The Character of Lennie in John Steinbeck’s Of Mice and Men

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The Character of Lennie in Of Mice and Men

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Have you ever read Of Mice and Men by John Steinbeck? If so, you probably remember Lennie, George’s companion. Throughout the novel, Lennie and George dream of having their own farm. They work on a ranch to save money for their dream farm. Lennie is a big, strong, man with rounded features. He is at times very forgetful, absent-minded, and one-dimensional.

First of all, Lennie is greatly forgetful. In the beginning of the novel, Lennie kept asking George where they were going (Steinbeck 4). One character, Crooks, takes advantage of his forgetfulness. Because Lennie would forget anything Crooks told him, he was relieved he could talk to somebody without worrying about him telling anybody else. He often forgot what George told him not to do, like talk or even look at Curley’s wife.

Next to being forgetful, Lennie is absent-minded for a good portion of the novel. He is unaware of what he’s doing sometimes until he has done it. For example, he enjoyed to pet soft objects. While living in Weed, he was “petting” a woman’s dress and the woman started to scream (Steinbeck 11).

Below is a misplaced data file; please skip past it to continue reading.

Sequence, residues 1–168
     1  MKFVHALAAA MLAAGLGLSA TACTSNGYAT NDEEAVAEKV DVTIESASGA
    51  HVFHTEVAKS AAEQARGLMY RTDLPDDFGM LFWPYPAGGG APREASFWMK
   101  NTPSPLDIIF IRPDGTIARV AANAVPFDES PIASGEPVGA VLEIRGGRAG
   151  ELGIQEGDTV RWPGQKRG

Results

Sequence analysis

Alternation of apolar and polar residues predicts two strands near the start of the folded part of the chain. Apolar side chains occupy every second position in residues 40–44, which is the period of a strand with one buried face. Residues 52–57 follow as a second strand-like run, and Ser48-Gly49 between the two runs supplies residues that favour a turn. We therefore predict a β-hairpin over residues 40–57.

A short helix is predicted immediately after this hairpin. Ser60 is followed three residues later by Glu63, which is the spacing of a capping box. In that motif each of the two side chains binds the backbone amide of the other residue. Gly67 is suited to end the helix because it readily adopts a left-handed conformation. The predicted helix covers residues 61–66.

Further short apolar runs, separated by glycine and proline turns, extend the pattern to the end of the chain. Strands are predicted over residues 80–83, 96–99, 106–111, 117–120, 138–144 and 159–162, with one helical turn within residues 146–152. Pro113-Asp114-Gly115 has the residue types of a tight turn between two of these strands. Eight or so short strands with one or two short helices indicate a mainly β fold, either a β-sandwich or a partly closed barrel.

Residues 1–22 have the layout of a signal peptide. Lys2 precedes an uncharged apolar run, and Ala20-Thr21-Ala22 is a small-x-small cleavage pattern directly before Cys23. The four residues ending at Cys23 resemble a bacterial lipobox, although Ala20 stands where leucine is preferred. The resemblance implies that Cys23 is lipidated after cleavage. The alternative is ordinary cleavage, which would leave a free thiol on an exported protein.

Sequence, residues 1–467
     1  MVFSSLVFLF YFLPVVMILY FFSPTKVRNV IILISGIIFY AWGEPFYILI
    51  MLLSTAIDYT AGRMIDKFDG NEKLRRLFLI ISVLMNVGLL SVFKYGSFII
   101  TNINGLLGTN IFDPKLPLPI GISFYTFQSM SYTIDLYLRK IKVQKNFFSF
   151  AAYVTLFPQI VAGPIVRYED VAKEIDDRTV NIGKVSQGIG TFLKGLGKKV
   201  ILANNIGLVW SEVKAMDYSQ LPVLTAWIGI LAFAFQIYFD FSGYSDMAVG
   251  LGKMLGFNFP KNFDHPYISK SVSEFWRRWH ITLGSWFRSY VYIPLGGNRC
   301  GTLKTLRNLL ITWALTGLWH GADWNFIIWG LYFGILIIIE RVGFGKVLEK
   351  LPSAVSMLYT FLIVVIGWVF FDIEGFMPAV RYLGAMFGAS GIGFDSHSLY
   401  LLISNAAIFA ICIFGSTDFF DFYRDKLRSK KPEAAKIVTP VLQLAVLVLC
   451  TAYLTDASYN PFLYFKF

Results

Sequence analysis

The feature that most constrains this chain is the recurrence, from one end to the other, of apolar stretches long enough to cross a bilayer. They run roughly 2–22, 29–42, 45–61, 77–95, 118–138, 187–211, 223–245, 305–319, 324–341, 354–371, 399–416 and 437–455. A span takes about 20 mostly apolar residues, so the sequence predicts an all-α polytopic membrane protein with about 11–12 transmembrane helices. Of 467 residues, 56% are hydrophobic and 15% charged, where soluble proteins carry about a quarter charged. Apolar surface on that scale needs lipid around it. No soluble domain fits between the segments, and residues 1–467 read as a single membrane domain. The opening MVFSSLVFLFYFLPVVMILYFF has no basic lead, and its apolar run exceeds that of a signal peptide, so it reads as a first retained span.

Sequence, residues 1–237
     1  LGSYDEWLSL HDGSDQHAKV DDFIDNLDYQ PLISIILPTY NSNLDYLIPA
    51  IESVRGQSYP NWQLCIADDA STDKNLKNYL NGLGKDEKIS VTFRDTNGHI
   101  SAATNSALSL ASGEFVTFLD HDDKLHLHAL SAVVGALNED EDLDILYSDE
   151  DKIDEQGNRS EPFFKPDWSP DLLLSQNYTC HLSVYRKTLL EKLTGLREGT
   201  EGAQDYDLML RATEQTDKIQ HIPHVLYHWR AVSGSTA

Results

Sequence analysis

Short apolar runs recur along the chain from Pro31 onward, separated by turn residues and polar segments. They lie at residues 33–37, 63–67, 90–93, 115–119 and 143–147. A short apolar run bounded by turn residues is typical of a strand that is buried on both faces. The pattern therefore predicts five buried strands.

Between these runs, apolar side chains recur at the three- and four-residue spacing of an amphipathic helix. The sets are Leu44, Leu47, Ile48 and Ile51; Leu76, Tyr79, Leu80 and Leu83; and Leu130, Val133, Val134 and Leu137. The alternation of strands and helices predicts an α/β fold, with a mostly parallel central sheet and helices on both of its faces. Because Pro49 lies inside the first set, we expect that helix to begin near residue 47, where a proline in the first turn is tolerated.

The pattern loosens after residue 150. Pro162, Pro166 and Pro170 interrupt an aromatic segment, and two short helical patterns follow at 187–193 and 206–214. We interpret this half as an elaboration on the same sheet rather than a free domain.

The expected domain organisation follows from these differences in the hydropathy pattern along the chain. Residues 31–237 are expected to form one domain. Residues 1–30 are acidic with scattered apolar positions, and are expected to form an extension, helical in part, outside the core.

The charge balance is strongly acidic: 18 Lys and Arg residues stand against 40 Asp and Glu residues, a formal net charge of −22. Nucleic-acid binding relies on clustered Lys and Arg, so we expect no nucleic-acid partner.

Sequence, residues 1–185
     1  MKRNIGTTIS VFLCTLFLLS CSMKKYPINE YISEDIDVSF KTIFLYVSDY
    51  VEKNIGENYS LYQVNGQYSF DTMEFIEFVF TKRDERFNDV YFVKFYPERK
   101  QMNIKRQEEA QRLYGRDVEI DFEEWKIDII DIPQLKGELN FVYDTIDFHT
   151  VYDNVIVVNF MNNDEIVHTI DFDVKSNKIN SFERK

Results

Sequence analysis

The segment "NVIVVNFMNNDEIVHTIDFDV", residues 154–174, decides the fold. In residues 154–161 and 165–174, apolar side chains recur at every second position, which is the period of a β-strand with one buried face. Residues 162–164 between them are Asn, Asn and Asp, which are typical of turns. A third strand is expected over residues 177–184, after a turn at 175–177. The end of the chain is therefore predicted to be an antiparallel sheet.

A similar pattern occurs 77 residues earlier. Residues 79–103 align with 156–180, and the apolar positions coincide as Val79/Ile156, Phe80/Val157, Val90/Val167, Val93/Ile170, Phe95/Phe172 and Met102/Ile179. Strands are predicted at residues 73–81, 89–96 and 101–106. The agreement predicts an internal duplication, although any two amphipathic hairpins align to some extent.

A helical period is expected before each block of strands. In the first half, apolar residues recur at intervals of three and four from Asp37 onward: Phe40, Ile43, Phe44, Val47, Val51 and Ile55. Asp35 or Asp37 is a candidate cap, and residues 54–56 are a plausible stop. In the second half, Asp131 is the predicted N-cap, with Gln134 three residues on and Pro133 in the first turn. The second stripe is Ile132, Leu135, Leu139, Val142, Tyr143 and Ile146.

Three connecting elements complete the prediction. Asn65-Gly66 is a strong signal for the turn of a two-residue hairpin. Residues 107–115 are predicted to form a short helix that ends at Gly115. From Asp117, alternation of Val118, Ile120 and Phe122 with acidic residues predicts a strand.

Lennie didn’t know what he was doing wrong. Once Lennie was given a puppy, he accidentally killed it because he was too rough with it. Eventually, he would kill Curley’s wife too by breaking her neck when told he could pet her hair. Again, Lennie did not know what he was doing wrong until it was done.

Throughout the novel, there is really only one thing on Lennie’s mind, tending to the rabbits once he and George had their farm. After Crooks was done telling Lennie his childhood story, Lennie asks a question about rabbits (Steinbeck 70). This is an example of Lennie having only one thing on his mind.

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